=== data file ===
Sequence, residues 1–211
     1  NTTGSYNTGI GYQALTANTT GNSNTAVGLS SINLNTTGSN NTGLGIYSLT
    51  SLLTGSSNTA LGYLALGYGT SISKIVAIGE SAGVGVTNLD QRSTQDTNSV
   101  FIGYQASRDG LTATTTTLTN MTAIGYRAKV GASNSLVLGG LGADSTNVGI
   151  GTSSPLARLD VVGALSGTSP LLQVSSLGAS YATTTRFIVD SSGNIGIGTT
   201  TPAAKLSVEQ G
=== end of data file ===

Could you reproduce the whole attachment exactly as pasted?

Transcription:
Sequence, residues 1–211
     1  NTTGSYNTGI GYQALTANTT GNSNTAVGLS SINLNTTGSN NTGLGIYSLT
    51  SLLTGSSNTA LGYLALGYGT SISKIVAIGE SAGVGVTNLD QRSTQDTNSV
   101  FIGYQASRDG LTATTTTLTN MTAIGYRAKV GASNSLVLGG LGADSTNVGI
   151  GTSSPLARLD VVGALSGTSP LLQVSSLGAS YATTTRFIVD SSGNIGIGTT
   201  TPAAKLSVEQ G